vol. 5 #4 â€“ 10 Januari 2012
The Sentinel Amsterdam
Integrity, heart, humour
the VIKINGS persepectives
CRISIS Lifestyles Opinion REVIEW Technology FILM TRENDS Sport Classifieds
In this issue FEATURE
p. 04 perspectives P. 14 review
Mind the fat
‘Modern Danes could also have such a lust for battle and love’
‘I can’t really empathise with the Dutch crisis everyone is intensively talking about’
‘The squat graphic is its own and only appeals to those who are part of it’
TechBit: Sio-Bytes – Death of specs
p. 36 more:
The Gold Room
book REVIEW American Psycho
SPOTTED p. 30 Where is this in Amsterdam?
‘The personal computing (PC) era is ending’
FILM REVIEW Room 2C
TRENDS Super Crisis
ColoPHon The Sentinel Amsterdam e-mail: email@example.com website: www.thesentinel.eu The Sentinel Amsterdam does not intentionally include unaccredited photos/illustrations that are subject to copyright. If you consider your copyright to have been infringed, please contact us at firstname.lastname@example.org.
Editors – Gary Rudland & Denson Pierre Design, realisation and form – Andrei Barburas & No-Office.nl Webmaster – www.sio-bytes.tumblr.com Webhost – Amsterjammin.com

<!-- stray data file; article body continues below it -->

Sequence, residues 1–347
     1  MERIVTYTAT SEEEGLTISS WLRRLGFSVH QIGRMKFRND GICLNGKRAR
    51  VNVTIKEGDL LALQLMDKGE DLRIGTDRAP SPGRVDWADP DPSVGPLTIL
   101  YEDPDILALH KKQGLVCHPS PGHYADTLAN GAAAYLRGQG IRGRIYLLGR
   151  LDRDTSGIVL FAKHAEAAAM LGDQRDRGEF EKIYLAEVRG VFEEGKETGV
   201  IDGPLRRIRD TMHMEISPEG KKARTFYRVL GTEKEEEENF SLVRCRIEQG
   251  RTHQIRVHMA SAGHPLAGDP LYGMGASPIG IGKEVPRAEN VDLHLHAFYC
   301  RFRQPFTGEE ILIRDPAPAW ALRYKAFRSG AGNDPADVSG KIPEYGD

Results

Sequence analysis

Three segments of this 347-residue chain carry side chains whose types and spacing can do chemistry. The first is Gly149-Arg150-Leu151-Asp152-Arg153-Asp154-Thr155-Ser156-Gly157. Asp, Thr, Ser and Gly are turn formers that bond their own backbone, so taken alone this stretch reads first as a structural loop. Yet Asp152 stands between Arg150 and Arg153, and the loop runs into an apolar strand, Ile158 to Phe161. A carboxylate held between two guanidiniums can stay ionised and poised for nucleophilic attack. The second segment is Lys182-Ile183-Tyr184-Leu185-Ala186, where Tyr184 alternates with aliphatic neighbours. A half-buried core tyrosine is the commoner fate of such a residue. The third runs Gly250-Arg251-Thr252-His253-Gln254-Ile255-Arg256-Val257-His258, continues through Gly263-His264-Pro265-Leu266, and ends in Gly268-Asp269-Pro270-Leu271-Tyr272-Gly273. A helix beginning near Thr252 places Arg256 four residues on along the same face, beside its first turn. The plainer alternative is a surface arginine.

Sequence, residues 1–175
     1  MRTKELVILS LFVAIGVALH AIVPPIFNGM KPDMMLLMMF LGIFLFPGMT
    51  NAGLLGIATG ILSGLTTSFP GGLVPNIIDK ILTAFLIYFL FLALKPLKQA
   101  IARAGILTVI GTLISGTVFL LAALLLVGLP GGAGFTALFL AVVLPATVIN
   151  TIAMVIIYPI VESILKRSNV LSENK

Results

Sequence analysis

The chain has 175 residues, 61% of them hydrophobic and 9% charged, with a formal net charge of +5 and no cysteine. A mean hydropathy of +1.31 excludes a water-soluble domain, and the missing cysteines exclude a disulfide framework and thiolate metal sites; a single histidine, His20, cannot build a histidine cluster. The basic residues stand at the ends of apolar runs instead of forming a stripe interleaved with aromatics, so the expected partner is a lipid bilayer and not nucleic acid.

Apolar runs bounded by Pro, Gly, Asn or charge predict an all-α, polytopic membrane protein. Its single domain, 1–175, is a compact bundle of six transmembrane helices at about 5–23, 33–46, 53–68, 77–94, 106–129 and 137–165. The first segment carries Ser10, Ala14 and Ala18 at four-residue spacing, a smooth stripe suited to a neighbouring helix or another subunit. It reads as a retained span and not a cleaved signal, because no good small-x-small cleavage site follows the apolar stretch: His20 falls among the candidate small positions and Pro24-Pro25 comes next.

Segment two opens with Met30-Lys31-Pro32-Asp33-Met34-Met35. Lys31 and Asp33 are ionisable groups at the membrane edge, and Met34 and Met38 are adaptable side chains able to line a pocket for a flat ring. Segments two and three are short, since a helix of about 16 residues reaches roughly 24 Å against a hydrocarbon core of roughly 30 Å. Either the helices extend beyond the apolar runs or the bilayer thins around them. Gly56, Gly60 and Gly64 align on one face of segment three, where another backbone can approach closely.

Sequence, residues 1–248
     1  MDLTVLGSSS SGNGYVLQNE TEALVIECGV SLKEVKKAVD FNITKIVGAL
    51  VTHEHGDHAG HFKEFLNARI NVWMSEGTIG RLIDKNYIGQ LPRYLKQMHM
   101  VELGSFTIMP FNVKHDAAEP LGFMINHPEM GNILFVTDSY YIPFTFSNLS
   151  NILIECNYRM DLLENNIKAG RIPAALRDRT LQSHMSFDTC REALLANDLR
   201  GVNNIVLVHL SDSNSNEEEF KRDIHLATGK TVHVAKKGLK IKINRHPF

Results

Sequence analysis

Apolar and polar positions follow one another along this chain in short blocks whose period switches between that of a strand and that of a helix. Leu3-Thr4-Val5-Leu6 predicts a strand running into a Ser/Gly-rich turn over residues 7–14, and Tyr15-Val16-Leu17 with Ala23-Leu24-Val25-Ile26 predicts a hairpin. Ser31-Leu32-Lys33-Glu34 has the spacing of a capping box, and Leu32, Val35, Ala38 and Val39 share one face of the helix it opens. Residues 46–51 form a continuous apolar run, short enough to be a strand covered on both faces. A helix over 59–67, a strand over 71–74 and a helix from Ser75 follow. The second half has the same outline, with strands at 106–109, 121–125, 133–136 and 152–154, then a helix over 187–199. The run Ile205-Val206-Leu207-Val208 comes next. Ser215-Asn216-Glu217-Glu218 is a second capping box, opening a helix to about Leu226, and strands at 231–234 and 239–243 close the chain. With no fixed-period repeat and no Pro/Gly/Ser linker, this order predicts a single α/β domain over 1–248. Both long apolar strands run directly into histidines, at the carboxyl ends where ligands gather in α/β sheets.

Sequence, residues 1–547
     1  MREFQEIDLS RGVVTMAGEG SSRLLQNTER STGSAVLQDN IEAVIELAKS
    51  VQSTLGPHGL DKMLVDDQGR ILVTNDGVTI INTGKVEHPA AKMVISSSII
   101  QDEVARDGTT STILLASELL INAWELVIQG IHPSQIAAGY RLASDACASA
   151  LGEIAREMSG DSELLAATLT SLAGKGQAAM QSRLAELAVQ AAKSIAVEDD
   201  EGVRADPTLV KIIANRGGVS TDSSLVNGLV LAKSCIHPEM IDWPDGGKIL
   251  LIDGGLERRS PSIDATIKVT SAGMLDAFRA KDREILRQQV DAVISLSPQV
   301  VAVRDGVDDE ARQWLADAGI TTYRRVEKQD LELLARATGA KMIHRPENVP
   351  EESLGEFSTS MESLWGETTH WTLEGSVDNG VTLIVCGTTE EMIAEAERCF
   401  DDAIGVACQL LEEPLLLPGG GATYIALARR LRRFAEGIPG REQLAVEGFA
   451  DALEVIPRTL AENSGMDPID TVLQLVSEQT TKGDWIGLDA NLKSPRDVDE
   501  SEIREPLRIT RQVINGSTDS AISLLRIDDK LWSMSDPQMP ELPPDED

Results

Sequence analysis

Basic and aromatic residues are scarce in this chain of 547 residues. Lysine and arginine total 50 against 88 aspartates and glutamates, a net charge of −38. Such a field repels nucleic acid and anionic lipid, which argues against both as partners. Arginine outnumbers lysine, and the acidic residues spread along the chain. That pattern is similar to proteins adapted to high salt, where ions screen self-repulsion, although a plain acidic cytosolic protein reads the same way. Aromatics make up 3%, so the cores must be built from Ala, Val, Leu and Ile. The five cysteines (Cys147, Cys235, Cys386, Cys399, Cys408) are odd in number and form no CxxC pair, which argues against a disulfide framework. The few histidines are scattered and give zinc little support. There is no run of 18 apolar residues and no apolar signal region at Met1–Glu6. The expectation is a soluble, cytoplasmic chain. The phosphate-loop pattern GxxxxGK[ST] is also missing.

Contributors: Valeria Scimia, Simon Owusu, Monica Lopes and Dirkje Bakker-Pierre
The vikings By Denson Pierre
‘We had come to experience the transition of 2011 into 2012’
Coincidentally, just as I was towelling myself off after a shower, in preparation for my first ever trip to Copenhagen and Denmark, I experienced another first. The television was tuned to MGM Classics and a movie from 1958 caught my eye, featuring Kirk Douglas, spectacular scenery and period-costumed adventure. The movie was fittingly called The Vikings and I had never seen it before. I had to pinch myself for believing further that the modern Danes could also have such a lust for battle and love as those proffered by Hollywood in an age past. The city of Copenhagen, like many others, is ridiculously easy to get to by air from Amsterdam. Indeed, the trip from my door to the door of our host in the suburbs of Copenhagen took all of three hours, aided by hyper-efficient public transport at both ends. We had come to experience the transition of 2011 into 2012 and have a bit of fun and learning at the same time. With my wife in tow and regularly reminding me that we were in the capital of trendy European fashion shopping, I was alert to the need to set routes away from time- and money-consuming streets. This was made even easier as our world-wise host and friend is equally trained in the fine art of finding that which is interesting in people and cultures, and not what defines their need to simply pose and over-consume.
‘We were not simply tourists blindly trying to extract meaningful experiences in the very short period of four days’